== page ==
Gov seeks public comment on directive
The Department of Homeland Security’s Cybersecurity and Infrastructure Security Agency (CISA) is planning a directive requiring all federal agencies to create and publish a vulnerability disclosure policy (VDP).
According to CISA, most federal agencies lack any formal mechanism to receive information from third parties about potential security vulnerabilities in their systems, and many have no defined strategy for handling reports when they do come in.
“A VDP allows people who have ‘seen something’ to ‘say something’ to those who can fix it,” says Jeanette Manfra, CISA's assistant director for cybersecurity, in a statement published late last week.
“It makes clear that an agency welcomes and authorizes good faith security research on specific, internet-accessible systems.”
CISA is now seeking public comment on a draft binding operational directive, BOD 20-01, that would mandate a VDP and appropriate handling procedures.
There's a tight timetable: agencies would be expected to add one new system or service to the VDP every 90-days, and any new systems would have to be included from the start. All internet-accessible systems must be in scope within two years, and while the directive doesn't mandate bug bounties, agencies are free to offer them if they wish.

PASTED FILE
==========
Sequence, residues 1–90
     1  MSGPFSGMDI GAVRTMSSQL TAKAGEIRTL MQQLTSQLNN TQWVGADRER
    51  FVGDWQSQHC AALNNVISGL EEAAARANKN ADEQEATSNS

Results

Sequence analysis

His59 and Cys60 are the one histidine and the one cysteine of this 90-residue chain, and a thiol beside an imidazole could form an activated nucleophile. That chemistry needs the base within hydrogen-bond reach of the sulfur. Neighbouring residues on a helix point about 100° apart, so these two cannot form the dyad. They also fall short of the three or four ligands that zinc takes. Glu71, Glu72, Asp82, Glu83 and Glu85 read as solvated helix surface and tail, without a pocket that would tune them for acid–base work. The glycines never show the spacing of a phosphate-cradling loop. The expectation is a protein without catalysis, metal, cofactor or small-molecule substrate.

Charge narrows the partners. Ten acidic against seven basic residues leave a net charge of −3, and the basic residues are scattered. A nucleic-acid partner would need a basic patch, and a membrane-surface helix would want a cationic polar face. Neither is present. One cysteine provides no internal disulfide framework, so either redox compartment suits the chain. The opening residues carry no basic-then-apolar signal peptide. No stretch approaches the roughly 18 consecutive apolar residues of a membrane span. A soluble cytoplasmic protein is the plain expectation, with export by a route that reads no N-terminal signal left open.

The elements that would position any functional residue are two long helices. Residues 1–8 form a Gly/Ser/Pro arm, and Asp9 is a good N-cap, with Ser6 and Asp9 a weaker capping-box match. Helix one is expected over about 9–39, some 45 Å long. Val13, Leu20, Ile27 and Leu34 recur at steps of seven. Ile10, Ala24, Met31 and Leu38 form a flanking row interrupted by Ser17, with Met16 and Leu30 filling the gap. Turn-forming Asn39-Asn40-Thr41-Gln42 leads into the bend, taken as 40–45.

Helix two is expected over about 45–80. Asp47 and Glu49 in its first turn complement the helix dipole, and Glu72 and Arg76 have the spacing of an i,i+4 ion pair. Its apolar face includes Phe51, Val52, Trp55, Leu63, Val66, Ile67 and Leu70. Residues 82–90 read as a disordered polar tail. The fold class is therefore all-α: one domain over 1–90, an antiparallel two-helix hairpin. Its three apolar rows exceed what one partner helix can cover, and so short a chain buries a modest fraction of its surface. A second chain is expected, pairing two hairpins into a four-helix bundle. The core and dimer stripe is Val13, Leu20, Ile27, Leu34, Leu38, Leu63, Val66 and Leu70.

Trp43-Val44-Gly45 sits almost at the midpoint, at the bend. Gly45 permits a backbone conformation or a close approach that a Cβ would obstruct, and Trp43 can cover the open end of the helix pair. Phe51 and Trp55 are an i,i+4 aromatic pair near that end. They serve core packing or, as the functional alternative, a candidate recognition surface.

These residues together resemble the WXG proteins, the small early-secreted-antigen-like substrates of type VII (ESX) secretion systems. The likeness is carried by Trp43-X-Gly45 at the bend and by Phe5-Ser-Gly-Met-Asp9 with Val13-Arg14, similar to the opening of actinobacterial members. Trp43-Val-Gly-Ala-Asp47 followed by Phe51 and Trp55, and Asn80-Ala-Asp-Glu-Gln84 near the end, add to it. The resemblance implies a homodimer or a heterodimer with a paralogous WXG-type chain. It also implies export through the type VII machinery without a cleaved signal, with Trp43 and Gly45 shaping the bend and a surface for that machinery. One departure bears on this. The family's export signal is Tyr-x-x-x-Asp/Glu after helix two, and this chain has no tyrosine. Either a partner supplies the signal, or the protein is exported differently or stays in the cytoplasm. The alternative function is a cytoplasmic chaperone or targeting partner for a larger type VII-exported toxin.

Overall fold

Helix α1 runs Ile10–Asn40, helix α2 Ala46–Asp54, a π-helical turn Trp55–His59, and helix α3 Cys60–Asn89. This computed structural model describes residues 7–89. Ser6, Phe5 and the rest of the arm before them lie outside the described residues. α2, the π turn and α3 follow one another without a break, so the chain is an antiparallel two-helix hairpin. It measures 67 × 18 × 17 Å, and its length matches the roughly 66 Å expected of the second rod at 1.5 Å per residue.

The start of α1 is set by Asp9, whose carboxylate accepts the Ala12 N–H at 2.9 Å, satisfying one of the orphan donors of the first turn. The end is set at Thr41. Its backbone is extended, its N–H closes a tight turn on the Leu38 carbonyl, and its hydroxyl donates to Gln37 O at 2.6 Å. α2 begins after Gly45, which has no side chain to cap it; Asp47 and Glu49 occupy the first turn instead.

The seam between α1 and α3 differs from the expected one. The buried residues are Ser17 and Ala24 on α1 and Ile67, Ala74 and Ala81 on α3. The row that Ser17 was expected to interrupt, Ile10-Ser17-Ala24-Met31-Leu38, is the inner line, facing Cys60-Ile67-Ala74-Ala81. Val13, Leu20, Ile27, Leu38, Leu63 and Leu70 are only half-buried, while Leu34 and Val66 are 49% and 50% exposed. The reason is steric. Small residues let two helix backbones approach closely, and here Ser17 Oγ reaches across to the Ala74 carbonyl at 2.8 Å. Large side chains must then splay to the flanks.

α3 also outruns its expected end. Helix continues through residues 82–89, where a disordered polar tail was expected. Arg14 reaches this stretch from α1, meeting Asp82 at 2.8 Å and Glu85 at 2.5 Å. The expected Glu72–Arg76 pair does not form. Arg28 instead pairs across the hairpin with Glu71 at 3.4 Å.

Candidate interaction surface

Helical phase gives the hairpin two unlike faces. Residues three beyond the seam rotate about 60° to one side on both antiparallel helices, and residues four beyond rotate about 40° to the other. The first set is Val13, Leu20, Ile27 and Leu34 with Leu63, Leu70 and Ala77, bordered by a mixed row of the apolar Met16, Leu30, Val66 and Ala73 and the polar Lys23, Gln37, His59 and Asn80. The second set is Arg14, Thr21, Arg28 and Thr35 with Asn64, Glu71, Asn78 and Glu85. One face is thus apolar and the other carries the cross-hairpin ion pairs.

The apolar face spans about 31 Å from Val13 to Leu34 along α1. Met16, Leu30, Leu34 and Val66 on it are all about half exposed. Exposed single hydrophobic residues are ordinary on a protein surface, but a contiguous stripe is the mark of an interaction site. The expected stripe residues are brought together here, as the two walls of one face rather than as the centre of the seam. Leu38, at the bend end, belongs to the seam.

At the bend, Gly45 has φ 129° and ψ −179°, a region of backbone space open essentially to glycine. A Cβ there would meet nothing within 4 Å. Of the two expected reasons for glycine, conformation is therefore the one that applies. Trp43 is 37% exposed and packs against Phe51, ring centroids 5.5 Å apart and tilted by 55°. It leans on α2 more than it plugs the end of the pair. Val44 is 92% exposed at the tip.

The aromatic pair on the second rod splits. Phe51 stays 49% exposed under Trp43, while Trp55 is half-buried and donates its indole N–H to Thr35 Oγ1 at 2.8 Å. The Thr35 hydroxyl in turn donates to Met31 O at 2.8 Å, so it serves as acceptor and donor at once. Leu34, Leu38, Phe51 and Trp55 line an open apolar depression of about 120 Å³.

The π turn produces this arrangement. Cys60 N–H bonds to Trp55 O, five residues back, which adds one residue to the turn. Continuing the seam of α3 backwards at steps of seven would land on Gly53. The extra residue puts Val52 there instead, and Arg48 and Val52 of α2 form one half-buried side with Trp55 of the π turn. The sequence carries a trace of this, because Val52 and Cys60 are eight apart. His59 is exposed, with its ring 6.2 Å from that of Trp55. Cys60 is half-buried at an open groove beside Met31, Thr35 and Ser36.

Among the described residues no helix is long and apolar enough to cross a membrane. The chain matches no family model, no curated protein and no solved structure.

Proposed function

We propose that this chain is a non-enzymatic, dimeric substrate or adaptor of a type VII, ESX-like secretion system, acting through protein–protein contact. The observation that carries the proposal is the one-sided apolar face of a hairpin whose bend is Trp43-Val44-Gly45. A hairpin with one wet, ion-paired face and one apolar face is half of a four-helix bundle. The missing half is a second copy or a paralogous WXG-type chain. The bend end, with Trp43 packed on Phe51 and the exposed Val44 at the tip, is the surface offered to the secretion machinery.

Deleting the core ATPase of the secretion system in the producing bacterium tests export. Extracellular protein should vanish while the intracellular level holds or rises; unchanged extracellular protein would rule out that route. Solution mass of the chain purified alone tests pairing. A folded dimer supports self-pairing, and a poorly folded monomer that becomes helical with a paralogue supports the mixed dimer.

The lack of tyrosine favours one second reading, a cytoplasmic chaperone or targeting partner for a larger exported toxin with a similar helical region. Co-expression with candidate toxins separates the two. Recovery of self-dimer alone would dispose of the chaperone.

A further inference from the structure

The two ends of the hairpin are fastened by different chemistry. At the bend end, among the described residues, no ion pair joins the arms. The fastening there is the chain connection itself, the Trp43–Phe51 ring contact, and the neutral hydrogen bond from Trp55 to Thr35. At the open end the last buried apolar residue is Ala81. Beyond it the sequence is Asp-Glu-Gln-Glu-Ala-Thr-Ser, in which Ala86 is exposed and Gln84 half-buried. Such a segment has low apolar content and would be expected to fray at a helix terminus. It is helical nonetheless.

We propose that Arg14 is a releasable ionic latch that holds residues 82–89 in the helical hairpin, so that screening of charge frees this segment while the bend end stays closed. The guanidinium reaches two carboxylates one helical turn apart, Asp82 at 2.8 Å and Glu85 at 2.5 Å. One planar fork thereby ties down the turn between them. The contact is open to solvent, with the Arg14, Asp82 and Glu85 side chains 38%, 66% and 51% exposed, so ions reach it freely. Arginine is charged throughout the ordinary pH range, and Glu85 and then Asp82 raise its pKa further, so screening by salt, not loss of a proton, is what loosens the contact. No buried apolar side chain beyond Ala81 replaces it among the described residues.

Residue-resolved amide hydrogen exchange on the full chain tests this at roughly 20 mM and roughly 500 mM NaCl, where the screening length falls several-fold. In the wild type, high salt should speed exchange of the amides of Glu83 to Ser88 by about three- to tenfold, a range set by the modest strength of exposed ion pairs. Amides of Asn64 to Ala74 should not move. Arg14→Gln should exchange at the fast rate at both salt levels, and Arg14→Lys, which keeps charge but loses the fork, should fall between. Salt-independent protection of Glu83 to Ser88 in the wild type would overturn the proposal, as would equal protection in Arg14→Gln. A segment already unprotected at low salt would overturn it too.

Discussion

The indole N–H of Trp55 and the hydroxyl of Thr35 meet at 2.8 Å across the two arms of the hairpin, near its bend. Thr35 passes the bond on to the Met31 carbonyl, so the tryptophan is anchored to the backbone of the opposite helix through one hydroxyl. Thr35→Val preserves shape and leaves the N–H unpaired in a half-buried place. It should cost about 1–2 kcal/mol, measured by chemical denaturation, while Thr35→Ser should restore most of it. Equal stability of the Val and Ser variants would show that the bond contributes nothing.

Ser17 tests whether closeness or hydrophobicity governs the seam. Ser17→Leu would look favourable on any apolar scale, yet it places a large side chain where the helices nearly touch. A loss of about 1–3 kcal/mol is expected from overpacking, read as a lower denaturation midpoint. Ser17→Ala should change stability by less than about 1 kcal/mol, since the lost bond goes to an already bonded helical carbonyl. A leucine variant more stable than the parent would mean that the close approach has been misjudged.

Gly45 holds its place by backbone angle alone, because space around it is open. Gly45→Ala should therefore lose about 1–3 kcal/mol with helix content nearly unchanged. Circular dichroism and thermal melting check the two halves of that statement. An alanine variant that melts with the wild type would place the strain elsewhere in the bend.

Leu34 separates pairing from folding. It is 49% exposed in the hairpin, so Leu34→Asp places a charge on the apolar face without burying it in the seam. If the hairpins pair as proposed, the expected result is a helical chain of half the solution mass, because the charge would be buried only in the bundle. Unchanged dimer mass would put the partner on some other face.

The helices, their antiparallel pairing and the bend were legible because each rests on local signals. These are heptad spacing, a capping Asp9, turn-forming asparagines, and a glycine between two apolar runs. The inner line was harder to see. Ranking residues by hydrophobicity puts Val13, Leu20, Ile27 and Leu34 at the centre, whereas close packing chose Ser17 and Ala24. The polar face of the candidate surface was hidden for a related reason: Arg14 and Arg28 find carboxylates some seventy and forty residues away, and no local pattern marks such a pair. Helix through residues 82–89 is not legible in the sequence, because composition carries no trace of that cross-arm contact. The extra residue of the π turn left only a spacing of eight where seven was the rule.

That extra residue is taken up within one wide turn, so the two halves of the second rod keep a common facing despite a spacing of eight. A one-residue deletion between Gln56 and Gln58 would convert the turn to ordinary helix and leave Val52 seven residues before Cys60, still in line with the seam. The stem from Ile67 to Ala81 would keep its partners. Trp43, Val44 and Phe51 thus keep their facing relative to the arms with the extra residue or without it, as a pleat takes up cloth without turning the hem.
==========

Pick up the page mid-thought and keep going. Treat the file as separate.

“We think a single, universal vulnerability disclosure policy for the executive branch is a good goal,” says Manfra.
“It makes sense particularly when each agency has all internet-accessible systems in scope, but we expect that goal to be an unrealistic starting place for most agencies.”
Instead, she says, the aim is to gradually widen the scope of the program, allowing each agency to “level up incrementally”.
In the past, researchers have been wary of reporting vulnerabilities in government systems or those of associated agencies, thanks to the lack of a reporting mechanism paired with unsympathetic legislation – both federal agencies and commercial organizations have, at times, targeted security researchers under hacking laws.
But this latest move forms part of an increasing focus on vulnerability disclosure on the part of the government, with the Office of Management and Budget (OMB) also issuing a draft policy this week that would require all federal agencies to publish a VDP within 180-days.
In recent years, the government has started sponsoring bug bounty programs such as the Hack the Pentagon, Hack the DTS, Hack the Air Force, and Hack the Army.
Katie Moussouris, CEO of Luta Security, says she expects the tight timelines will see organizations outsourcing.
“Yes, I know it *says* this isn’t to force bug bounties,” she writes on Twitter.
"But if you look at the dates for complying, the urgency language used in pushing the concept that has been documented & implemented for decades as vuln disclosure, most orgs will only have time for outsourcing to platforms.”
CISA is seeking public comment on the directive up until December 27, 2019.
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